In her final column for the term, Online Features Columnist Thea Osborne discusses the current dire state of affairs left behind in Iraq.
Sectarian violence within Iraq is becoming an almost daily event, to the extent where news channels seem to have become desensitised to the latest car bomb or suicide attack. Violence has reached the worst levels it has been in years; the monthly death toll did drop in November but it is still terrifyingly high with 659 dead, at least 80 per cent of whom were civilians. 7,150 civilians have been killed since January this year, the highest annual toll since 2008. On Sunday at least 39 people were reported to have been killed by over nine explosions in and around Baghdad, predominantly in Shia Muslim areas. The bombs targeted crowded commercial areas and marketplaces. The roots of the violence are based along complex sectarian divides and rivalries and are slowly turning the whole of Iraq into a violent crisis zone with little clear leadership and even less everyday safety.
The three largest demographics within Iraq are Arab Sunnis, Arab Shia and the Kurds; each is desperate to stake a claim to the future Iraq and ensure that their interests are considered. The Kurds in the north were brutally oppressed under Saddam Hussein and are now determined to settle for little less than their own autonomous state. The rivalry between the Shia and Sunni is what has been the cause of the majority of the recent violence within the country. Saddam Hussein was a Sunni Muslim and despite only making up 35 per cent of the population favoured fellow Sunnis over the majority Shia population. Perhaps understandably there has been a lot of backlash from the previously suppressed Shia majority since his downfall. This has then created a vicious cycle of attack and counter-attack which has reached particularly awful heights in the last year. The latest ongoing wave of violence started as a response to a crackdown on a Sunni protest camp in April and has reached heights only previously seen when the country teetered on the brinks of civil war in 2007.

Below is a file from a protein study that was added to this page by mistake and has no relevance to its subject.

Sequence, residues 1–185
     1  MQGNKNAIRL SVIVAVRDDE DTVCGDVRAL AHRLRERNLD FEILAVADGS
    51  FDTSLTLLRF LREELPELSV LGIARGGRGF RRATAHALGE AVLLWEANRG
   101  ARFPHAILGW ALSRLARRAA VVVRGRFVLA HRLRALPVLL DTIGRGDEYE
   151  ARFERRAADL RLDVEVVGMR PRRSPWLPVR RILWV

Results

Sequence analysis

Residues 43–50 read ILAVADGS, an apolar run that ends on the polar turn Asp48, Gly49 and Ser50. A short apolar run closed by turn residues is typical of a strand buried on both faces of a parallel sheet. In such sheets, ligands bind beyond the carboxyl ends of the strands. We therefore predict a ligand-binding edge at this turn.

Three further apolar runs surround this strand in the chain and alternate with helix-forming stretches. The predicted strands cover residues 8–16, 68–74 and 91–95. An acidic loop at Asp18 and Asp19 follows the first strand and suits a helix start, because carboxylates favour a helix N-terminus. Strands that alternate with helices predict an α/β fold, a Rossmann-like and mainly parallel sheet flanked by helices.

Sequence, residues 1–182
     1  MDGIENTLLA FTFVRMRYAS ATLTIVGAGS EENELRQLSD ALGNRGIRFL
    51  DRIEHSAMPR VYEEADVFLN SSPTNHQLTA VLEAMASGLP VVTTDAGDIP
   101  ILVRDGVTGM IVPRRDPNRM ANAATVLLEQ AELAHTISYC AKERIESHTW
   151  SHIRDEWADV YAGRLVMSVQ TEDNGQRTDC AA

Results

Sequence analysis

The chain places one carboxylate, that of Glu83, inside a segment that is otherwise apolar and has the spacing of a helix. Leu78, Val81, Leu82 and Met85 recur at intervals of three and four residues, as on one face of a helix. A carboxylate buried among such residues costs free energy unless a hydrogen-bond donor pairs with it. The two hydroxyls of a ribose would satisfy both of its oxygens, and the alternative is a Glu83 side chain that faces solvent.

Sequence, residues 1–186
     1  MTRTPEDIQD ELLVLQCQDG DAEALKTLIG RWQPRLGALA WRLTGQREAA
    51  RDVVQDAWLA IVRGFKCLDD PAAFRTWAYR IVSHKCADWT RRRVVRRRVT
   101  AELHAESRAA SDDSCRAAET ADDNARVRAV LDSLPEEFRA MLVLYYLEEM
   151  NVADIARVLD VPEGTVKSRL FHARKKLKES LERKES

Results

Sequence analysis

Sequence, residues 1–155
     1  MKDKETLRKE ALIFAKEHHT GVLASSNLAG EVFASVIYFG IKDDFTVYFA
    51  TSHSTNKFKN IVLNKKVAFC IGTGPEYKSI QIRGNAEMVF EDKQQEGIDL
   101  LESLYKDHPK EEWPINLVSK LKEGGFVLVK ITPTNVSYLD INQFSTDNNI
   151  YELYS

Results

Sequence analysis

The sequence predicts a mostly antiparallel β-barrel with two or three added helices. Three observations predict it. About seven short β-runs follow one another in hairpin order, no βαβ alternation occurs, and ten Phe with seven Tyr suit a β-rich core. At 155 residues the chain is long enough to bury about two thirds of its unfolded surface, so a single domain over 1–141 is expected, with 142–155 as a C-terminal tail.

The Shia-led Iraqi government is under pressure to restore control and is attempting to bring in new safety measures in order to curtail the rising violence as Iraqi citizens are increasingly concerned that it could spill over into a full blown sectarian conflict. Bombings in crowded areas, particularly cafés, bus stations and restaurants have become part of everyday life – citizens are feeling increasingly unsafe as more and more civilians are randomly targeted. At the beginning of the year attacks were generally focused upon security and military targets but they have become increasingly unpredictable. Responsibility is usually unclaimed for attacks but different methods tend to indicate different groups; suicide bombings are generally being carried out by Al-Qaeda associates and roadside bombings by Shia extremists. Those carrying out the violence and sanctioning such violent methods are clearly small minorities of the Iraqi population but they are managing to slowly drag the entire country back in time to the more brutal times of the Shia-Sunni violence in 2006 and 2007.
It is clear and imminent that whether the world is noticing or not, Iraq is sliding dangerously close to civil war. Government measures, such as the increasing use of sniffer dogs that can smell out car bombs and large helium balloons over Baghdad which use surveillance cameras to track traffic, are generally met with scepticism by the population. The only hope is that the majority of the country is so desperate for peace and the end of sectarian violence that the violence might fizzle out, however, at the moment, it seems to be never-ending.
Thea Osborne, Online Features Columnistbookmark me